|4653705||Autogyro with auxiliary rotor drive||March, 1987||Bensen||416/171|
|4452411||Devices which may be borne in air and in devices applicable therein||June, 1984||Eickmann||416/DIG.2|
|4137010||Constant lift rotor for a heavier than air craft||January, 1979||Stroub||416/89|
|3384184||Helicopter rotor hub||May, 1968||Schramm||416/148|
|2939535||Rotor for self-stabilizing helicopter||June, 1960||Brye||416/102|
|2830669||Blade-pitch-regulating means for the rotors of sustaining-rotor-equipped aircraft||April, 1958||Klockner||416/102|
|2624531||Stabilizing mechanism for rotary wing aircraft||January, 1953||Stalker||416/102|
|2443808||Adjustable flap for rotating wings||June, 1948||Stalker||416/147|
|2205835||Aircraft propeller||June, 1940||Landrum||416/89|
This application is a continuation-in-part of now abandoned U.S. application Ser. No. 06/752,836, filed July 8, 1985, entitled "Collective Pitch Change System for Gryoplane Rotary Wing Aircraft," invented by Gerald Breuner.
This invention relates generally to gyroplane rotary wing aircraft, also known as autogyros, and more particularly to a system of collective blade pitch adjustment for use on teter-bar type gyroplane rotors.
Gyroplane rotary wing aircraft, historically called autogyros, have flown with various types of rotors and rotor hubs. In order to fly successfully, all gyroplanes must incorporate certain essential features in their rotors. Gyroplane rotors, the rotary wings which keep the aircraft aloft, are rotated by air currents, not by engine torque, as with helicopters. A propeller pushes or pulls the gyroplane through the air like an airplane, and the air currents cause the rotor to turn by a process called autorotation. As the rotating blades pass through the air during forward flight, the blades on one side of the rotor are advancing, producing higher relative air speed, as compared with the retreating blades on the other side of the rotor. To compensate for differences in the lift between the advancing and retreating blades, all gyroplane rotors include some means to permit the rotor blades to "flap," or move up and down as they circle the rotor hub. The flapping of the blades equalizes the lift and permits the gyroplane to move laterally through the air in stable flight. The need to provide for rotor blade flap, as well as other articulations inc ertain gyroplane designs, has led to various types and configurations of rotors and rotor hubs. By the end of the first phase of gyroplane (autogyro) design, in the 1940s, relatively complex rotors and hubs were in use. Such rotors, generally called fully articulated rotors, are similar to helicopter rotors. To these relatively complex, fully articulated rotors, collective pitch control was eventually added. Collective pitch control is a system for chainging the pitch of all the rotor blades simultaniously. Collective pitch control allows the gyroplane to perform a jump take-off, using a mechanical pre-spin system for turning the rotor. A jump take-off is achieved by spinning the rotor rapidly with the rotor blades de-pitched, and then adding positive pitch to all blades simultaneously, producing instant vertical lift. The jump take-off was an important advance for gyroplanes, but it was only achieved with relatively complex to operate mechanisms which were also mechanically complex. Even with jump take-off, the gyroplane could not compete with the helicopter, which quickly captured the market for rotary wing aircraft.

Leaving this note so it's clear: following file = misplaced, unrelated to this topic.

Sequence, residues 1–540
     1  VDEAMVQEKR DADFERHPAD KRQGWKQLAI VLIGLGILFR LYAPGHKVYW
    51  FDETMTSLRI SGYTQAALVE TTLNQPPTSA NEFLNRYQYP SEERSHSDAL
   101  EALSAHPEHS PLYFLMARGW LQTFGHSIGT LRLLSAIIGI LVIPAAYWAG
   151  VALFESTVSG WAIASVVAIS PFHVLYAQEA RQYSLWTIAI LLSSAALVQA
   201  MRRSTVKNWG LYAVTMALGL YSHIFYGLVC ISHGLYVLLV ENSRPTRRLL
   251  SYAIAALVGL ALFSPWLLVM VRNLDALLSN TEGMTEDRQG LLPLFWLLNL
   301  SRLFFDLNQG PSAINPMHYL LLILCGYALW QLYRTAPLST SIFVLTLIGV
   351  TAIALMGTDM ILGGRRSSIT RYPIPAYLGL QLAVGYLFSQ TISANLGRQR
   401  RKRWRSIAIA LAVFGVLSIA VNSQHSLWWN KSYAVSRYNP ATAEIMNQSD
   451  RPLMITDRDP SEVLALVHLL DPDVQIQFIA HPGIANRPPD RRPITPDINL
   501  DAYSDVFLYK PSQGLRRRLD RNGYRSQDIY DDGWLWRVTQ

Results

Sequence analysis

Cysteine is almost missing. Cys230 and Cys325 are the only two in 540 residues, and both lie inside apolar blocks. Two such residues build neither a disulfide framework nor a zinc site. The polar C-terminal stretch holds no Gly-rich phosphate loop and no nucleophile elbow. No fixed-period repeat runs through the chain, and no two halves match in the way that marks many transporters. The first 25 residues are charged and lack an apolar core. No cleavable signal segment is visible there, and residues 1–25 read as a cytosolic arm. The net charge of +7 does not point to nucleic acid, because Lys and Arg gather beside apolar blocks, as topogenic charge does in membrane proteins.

An important area of focus in recent years has been the design of simple ultralight gyroplanes which usually seat just one person. These gyroplanes use simple two-blade rotors and avoid the complex fully articulated hubs of earlier multi-blade designs. Since the new, simpler gyroplanes must contend with the same physical forces as their more complex predecessors, some form of blade articulation still must be provided. The solution employed in simple, modern gyroplanes is what is termed a "teter-bar" blade mounting; also known as a "see-saw type" blade mounting. In such a rotor, a teter-bar is mounted, underslung, between upright plates, with a blade attached to each end of the teter-bar. The plates, teter-bar and blades all turn on a hub. Such a rotor system is commonly termed "semi-rigid," since it retains the flap motion but forces the blades to move together, in a see-saw fashion. Teter-bar rotors are simple and effective and it would be advantageous to be able to incorporate a means for producing a collective pitch change in such rotors to permit jump takeoffs. It would also be advantageous to provide a system for collective pitch change in a teter-bar rotor which is both simple and rugged.
Accordingly, a collective pitch change means is provided for use with a rotor assembly of a gyroplane rotary wing aircraft. The rotor assembly being mounted on a rotatable hub and including a pair of blades attached to opposite ends of a central teter-bar having a pivotal mounting which permits the teter-bar and attached blades to move together in a see-saw type motion. The collectie pitch change means comprises an adjustable balde attachment at each opposed end of the teter-bar for attachment of the blades to the teter-bar. Each adjustable blade attachment includes a feathering pivot for permitting rotation of the blade around a generally radial-extending feathering axis to change the pitch of the blades. Pitch adjustment means are also included for rotating the blades relative to the teter-bar around the feathering pivot. A simultaneous actuator means is provided for operating both the pitch adjustment means together, such that the pitch is changed simultaneously on both blades. A spring bias means mounted on the teter-bar supplies the motive force to change the pitch of the blades. Several alternative embodiments of the invention are discribed.